As “Topiary”, Jake Davis was the witty spokesman for the group of hacktivists once dubbed the “most-wanted cyber-criminals on the planet”.
He acted as the chief promoter for Anonymous and offshoot LulzSec as they went on a high-profile hacking spree in 2011, targeting the likes of News International (replacing The Sun’s homepage with a fake story claiming Rupert Murdoch had died), Sony, the CIA, the UK’s Serious Organised Crime Agency, the Arizona police force and even a website affiliated with the FBI.
It all ended for Davis two years ago when he was arrested in his home in the Shetland Islands on suspicion of more than 80 charges of conspiracy.
He eventually pleaded guilty to two counts (“with intent to impair the operation of a computer”) and was banned from doing anything on the internet for two years. He was also electronically tagged and locked up at Feltham Young Offenders Institution for 37 days.
While the American LulzSec-member-turned-FBI-informant “Sabu” remains in US custody, where he faces a maximum of 124 years in jail, Davis, now 20 years old, is eating a smoked salmon bagel in a café in central London.
The Scot, who set up LulzSec’s Twitter account (it quickly acquired more than 300,000 followers), now lives with his partner and freelances for three film and digital companies.
He is still on probation and is not allowed to leave the country, erase his internet history, or speak to anyone currently or formerly associated with Anonymous or its offshoots. Today he will be giving a talk on his experience at Wired 2013 to an audience who have paid more than £1,500 to attend the two-day conference.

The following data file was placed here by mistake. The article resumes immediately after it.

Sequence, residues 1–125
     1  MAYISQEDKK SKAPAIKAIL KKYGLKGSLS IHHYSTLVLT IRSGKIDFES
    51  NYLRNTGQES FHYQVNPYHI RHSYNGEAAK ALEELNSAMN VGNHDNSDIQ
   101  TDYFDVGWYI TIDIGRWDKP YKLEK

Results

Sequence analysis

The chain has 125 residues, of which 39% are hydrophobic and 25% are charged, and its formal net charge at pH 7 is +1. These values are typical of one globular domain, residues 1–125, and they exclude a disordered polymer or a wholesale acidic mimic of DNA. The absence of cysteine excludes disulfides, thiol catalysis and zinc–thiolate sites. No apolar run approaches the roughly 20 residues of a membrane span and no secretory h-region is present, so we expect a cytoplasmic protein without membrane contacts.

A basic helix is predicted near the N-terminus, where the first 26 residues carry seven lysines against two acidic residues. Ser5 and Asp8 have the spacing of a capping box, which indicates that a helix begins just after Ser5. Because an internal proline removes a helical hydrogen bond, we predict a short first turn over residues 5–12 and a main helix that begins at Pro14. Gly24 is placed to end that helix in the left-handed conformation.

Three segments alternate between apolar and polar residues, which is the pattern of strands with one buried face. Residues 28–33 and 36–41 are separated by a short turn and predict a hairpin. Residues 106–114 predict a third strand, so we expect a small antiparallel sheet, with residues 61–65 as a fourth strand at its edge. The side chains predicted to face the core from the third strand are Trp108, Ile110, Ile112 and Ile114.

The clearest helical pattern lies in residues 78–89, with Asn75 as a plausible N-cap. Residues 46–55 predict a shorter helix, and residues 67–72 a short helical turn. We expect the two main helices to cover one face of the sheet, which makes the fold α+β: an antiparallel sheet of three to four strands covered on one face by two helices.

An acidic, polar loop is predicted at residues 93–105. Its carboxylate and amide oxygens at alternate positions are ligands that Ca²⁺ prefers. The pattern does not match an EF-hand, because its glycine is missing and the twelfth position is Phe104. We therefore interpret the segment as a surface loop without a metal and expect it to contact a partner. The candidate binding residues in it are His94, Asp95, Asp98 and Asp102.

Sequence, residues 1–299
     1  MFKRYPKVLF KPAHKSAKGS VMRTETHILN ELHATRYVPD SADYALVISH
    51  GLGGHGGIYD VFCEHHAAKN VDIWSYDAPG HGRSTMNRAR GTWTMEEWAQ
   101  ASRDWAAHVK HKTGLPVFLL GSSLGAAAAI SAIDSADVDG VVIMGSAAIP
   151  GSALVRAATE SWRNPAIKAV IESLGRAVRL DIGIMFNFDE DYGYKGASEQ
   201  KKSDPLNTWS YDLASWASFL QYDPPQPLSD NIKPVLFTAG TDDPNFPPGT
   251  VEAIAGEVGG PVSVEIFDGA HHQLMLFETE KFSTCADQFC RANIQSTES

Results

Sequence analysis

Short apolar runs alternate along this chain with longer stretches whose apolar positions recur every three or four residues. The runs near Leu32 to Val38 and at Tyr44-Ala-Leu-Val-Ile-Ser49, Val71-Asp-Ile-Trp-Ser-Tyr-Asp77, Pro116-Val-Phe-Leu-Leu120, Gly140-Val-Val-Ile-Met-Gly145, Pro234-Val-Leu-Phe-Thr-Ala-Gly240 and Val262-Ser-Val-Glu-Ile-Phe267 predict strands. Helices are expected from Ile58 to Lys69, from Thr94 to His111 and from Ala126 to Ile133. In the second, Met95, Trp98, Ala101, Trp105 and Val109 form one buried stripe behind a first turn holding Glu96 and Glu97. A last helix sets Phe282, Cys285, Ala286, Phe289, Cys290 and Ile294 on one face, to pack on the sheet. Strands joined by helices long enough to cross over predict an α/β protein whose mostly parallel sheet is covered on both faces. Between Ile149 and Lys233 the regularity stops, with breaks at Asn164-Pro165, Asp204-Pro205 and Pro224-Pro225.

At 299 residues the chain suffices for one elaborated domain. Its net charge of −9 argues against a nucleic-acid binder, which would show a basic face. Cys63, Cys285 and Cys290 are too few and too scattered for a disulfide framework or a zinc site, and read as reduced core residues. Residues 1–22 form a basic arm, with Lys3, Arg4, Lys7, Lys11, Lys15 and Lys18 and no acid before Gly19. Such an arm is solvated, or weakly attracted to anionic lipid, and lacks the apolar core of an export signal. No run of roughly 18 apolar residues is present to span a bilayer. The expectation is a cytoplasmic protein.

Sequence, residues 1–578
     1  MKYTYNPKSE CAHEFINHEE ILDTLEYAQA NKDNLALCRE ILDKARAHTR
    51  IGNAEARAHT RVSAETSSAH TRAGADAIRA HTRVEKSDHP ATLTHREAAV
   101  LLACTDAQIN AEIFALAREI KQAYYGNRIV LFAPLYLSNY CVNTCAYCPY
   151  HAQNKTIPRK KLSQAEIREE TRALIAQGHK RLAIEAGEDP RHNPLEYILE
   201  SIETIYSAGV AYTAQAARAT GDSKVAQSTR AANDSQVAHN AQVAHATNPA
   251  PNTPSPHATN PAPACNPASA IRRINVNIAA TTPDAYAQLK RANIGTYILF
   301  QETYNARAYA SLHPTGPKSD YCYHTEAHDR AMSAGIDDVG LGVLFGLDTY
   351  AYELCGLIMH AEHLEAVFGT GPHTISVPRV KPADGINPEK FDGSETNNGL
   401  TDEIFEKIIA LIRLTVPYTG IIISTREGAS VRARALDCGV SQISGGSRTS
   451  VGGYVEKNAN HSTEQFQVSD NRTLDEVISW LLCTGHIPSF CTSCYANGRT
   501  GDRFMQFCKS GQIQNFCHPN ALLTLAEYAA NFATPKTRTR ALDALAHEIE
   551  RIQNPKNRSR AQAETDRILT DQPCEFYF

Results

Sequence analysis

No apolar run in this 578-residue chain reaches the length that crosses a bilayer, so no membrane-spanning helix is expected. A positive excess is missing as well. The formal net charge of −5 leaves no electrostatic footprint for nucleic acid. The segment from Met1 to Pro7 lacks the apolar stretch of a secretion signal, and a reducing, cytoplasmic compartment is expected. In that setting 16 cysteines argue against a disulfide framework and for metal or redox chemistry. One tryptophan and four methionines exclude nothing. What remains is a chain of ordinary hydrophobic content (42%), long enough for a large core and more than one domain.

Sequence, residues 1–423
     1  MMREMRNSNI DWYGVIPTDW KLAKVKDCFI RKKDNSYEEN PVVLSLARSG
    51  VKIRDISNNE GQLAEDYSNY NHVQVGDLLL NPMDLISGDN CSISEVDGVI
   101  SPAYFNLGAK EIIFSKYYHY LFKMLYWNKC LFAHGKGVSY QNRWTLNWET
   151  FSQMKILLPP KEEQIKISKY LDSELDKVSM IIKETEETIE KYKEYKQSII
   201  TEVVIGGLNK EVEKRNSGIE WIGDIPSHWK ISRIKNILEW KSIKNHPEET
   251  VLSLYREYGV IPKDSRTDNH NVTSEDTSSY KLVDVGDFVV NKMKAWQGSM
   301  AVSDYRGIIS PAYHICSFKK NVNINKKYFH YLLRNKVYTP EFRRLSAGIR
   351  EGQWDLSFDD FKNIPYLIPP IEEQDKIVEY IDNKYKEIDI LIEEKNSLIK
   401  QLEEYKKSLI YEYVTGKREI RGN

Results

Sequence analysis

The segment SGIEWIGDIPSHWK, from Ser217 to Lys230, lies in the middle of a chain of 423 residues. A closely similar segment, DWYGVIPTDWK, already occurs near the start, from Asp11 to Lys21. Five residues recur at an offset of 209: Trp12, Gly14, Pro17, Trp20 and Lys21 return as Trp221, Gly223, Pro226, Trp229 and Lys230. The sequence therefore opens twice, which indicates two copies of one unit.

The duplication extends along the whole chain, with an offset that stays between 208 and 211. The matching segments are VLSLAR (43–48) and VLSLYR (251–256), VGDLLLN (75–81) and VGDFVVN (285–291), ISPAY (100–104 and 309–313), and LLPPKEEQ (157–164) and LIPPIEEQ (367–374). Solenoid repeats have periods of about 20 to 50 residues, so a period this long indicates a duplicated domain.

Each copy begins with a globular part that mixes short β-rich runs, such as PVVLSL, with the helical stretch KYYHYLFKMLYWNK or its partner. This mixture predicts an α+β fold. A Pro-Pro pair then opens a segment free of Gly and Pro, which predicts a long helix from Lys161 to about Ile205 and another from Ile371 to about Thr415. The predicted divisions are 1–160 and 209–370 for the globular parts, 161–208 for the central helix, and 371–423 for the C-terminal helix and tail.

He is also planning on publishing a “nerd’s perspective” on his time behind bars. He shrugs off the threat of being extradited to the US (he was also indicted for his crimes in America), and said would-be hackers should be helped to find a “different outlet for their creativity”.
He is adamant that if you give most hackers a “reward mechanism” or a job, they’ll “immediately drop what they’re doing”. He warns against portraying hackers as an “elite cool” who “go against the system in an edgy way” because it will encourage more people to do it.
Davis insists the life of a hacker is not glamorous. “I would never have done it if there was something else outside my front door to get involved with,” he said. He left school at 13 “on a whim”, spending all his time alone on a “very slow Shetland internet connection”.
He said he was not forced back. “I don’t know what would happen if I did it in London, but the Shetlands are more laid back.”
Devoid of “any sort of outward stimuli”, he turned to the online world to fill his days. “That led to me becoming a very stereotypical basement-dwelling nerd who played online games and sat on Skype calls for 18 hours a day without really leaving the house,” he said.
Davis moved out of his mum’s house and into his own at 17 years old. He is vague about when, but his father took his own life a number of years ago.